Husband and wife seeking to understand what to do when CPS is investigating them

What Should You Do If CPS Is Investigating You?

When you learn that Child Protective Services (CPS) is investigating your family, your first response might be anxiety or fear. That’s understandable. No one wants to have their children taken away — even temporarily. And, you certainly don’t want to lose your parental rights or custody of your child.

I know it can be a scary situation. Once you have a moment to process what’s happening, it’s time to take immediate action to start building a CPS defense. I will help you unpack what to do if CPS is investigating you.

Need immediate assistance forming your CPS defense? Contact my offices immediately!

Start By Asking Questions About the CPS Investigation

Whenever someone reports child abuse or neglect, CPS is legally required to open an investigation. It’s important to remember that anyone can report child abuse or neglect — a neighbor, teacher, grandparent, or ex-spouse. Then, some individuals are mandatory reporters, meaning if they even suspect something is wrong, they are obligated to file a report.

When CPS comes knocking on your door, you can take appropriate steps to understand why CPS is investigating you. The CPS investigator cannot tell you who made the abuse or neglect allegation. However, they can and should tell you what the allegations are and what the report said. If anything is unclear, ask for more details.

Ask questions, but don’t react aggressively, no matter how troubling the allegations against you are. The investigator could take your reaction as evidence that your child isn’t safe around you. Stay calm and focus on finding out information, not expressing your anger.

Talk to Your Children About the CPS Investigation

Another important step is to talk to your children about what’s going on. The entire process is frightening for them, too. Discuss the reality of the situation, and explain what’s happening.

Do not discuss with your child(ren) what to say or how to act. CPS investigators are trained to recognize when a child is being coached by a parent or guardian to respond a certain way.

Just keep in mind that, unless they have a Court order that states otherwise, the CPS investigator needs your consent to speak to or question your child(ren) while they are in your home. However, the investigator is more likely to question your child(ren) at their daycare or school without your consent and outside of your presence.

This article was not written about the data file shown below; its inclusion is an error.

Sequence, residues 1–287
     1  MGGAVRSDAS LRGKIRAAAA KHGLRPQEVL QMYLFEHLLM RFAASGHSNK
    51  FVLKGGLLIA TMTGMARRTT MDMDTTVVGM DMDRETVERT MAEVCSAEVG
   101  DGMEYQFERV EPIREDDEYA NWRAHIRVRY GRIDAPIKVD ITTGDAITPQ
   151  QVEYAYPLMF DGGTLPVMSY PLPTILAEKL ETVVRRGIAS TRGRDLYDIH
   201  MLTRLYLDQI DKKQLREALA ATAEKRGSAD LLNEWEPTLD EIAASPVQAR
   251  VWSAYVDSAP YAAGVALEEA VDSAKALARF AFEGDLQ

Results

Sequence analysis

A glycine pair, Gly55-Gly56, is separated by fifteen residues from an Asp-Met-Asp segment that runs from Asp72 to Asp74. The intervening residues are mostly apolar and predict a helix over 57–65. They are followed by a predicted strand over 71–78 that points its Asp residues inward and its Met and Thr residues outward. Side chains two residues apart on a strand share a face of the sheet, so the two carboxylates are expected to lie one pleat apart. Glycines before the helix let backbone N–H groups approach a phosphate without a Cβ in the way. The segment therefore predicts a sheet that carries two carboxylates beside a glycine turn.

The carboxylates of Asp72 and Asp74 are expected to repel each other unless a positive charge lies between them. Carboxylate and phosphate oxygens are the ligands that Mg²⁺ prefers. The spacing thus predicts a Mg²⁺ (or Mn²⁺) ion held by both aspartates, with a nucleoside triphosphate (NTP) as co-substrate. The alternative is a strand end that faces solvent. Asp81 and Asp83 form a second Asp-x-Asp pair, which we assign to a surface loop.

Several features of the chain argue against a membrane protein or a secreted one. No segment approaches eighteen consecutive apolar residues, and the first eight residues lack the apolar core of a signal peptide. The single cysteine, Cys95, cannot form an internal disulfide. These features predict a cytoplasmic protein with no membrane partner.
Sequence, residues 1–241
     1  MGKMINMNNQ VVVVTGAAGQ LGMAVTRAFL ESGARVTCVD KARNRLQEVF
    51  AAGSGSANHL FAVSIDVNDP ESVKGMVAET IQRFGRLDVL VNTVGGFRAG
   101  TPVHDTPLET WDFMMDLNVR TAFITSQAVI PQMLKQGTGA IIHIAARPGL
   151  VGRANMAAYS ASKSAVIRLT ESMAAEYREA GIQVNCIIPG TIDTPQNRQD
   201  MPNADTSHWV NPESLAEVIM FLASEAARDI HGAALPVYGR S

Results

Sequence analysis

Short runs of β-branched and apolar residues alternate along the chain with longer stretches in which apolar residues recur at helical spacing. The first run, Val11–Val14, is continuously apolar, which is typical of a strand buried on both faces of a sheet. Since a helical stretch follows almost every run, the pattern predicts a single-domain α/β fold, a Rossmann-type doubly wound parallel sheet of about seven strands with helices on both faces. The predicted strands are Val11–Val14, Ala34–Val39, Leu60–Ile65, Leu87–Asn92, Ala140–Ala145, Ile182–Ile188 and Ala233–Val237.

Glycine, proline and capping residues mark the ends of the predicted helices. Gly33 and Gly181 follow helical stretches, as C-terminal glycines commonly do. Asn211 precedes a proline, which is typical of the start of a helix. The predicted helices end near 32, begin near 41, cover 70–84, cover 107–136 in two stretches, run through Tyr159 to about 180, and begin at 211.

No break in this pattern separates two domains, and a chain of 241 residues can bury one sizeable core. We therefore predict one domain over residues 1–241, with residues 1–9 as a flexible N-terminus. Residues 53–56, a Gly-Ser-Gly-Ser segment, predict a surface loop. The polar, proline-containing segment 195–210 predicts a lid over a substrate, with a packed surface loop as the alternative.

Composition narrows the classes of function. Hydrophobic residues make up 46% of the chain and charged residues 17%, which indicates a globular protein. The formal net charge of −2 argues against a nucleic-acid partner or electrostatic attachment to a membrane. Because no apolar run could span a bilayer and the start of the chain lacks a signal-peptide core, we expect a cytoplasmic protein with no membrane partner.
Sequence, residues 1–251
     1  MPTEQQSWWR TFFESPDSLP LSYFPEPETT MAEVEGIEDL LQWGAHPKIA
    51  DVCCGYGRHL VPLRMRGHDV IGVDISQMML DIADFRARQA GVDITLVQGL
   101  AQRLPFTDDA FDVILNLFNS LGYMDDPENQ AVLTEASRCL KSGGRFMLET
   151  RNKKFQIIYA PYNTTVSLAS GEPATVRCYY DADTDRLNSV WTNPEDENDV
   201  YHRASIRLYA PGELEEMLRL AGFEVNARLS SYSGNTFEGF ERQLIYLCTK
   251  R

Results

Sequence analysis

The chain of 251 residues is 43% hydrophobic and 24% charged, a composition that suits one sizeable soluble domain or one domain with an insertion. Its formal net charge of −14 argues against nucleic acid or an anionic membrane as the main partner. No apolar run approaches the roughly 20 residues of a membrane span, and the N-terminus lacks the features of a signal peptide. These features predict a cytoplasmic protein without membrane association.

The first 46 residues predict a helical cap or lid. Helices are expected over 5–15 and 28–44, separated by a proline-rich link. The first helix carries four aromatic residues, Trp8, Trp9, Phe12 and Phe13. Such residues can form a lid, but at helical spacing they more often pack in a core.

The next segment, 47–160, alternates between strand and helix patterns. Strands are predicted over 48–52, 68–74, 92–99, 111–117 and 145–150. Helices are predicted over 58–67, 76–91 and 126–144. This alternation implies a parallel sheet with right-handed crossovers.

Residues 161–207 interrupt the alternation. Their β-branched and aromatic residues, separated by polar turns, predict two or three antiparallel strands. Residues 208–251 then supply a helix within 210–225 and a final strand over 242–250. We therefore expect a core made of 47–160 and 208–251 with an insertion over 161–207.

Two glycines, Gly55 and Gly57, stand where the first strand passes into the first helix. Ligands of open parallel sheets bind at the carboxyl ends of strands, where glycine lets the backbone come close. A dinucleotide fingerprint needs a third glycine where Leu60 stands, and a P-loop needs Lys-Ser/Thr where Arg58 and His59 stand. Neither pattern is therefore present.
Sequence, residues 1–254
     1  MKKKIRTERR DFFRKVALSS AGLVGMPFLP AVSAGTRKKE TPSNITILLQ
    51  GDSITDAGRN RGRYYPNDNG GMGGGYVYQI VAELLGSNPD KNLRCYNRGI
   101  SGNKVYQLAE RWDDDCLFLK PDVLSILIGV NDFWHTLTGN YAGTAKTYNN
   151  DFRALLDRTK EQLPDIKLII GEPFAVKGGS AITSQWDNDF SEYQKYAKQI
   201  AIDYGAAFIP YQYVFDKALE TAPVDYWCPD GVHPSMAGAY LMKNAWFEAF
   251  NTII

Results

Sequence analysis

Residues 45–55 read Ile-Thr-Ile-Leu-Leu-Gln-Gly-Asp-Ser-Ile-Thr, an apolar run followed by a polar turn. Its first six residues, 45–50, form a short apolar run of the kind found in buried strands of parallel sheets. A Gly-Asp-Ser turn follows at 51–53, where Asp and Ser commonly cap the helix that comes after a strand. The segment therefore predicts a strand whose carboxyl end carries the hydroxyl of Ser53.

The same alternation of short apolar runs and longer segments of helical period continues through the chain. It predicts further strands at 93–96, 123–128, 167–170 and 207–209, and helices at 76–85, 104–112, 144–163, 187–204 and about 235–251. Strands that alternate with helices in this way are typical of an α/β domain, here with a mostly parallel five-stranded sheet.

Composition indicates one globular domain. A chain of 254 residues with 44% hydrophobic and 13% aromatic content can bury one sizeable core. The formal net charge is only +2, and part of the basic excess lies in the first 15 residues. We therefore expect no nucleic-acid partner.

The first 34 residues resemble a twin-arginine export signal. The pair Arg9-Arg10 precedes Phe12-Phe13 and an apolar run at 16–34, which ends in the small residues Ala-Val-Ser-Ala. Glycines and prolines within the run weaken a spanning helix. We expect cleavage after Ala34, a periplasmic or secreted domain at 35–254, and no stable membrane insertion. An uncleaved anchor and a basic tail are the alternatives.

The CPS investigator may also want to have a physical or psychiatric examination of your child conducted. If you’re available, they’ll ask you. Unless there is a Court order mandating the examination, you can politely decline to participate in the examination. If you do decline their request, they may pursue a court order to perform the exam.

If this happens, tell your child what to expect, and assure them that they can ask to have another adult in the room during the exam to help them feel safe. Physical examinations, particularly ones looking for signs of sexual or physical abuse, can be traumatic. Do your best to support and comfort your child during this process.

Know Your Rights During a CPS Investigation

The most important thing you should know is that, in most cases, CPS cannot take your child from your home without a court order. (This usually only occurs in extreme cases. Even if you completely disagree with a court decision, never disobey a court order, as CPS may use your actions as a reason to terminate your parental rights.)

CPS investigators do not have to notify you before they arrive at your home to take your child. However, you don’t have to let them in, even if a police officer accompanies him or her. The exception to this rule is if the police officer has a court order to enter your home or if the investigator believes that your child is in immediate severe danger. If that’s the case, he or she can enter your home but only to remove the child.

Finally, you can refuse to sign a form giving the CPS investigator assigned to your case the right to view you or your child’s medical and mental health records. Once again, a court order may overturn your decision, though.

Those are a few of your parental rights to keep in mind. I understand that CPS investigations are confusing to navigate, and no one will be going out of their way to help you. That leads me to the final point of seeking immediate legal support from a qualified family law attorney.

Seek Legal Support if CPS is Investigating You

CPS might be investigating you, but you are not the subject of a lawsuit. On the one hand, that’s good news. On the other, it means you won’t have access to a court-appointed attorney. However, you still have the right to seek outside legal counsel, and you should.

Don’t worry about looking like you have something to hide if you work with a family law attorney. Family law is complicated, and CPS is looking to prove that you have abused or neglected your child. They’re not going to sit down and explain things to you, and they’re not on your side. You deserve the support of someone in your corner who understands the intricacies of defending against CPS.

You should get in touch with my office right away. As a family law attorney, I help families in Fort Bend County, Brazoria County, and Harris County form the strongest possible CPS legal defense.

I have years of experience defending families against CPS investigations, and I am dedicated to protecting you and your children. From filing the right paperwork to knowing how to help you answer questions from CPS, I am here to help.

Call my offices at 281-944-5485 or 979-267-7660 to further discuss what to do if CPS is investigating you. I will help you get started on your legal defense to protect your parental rights!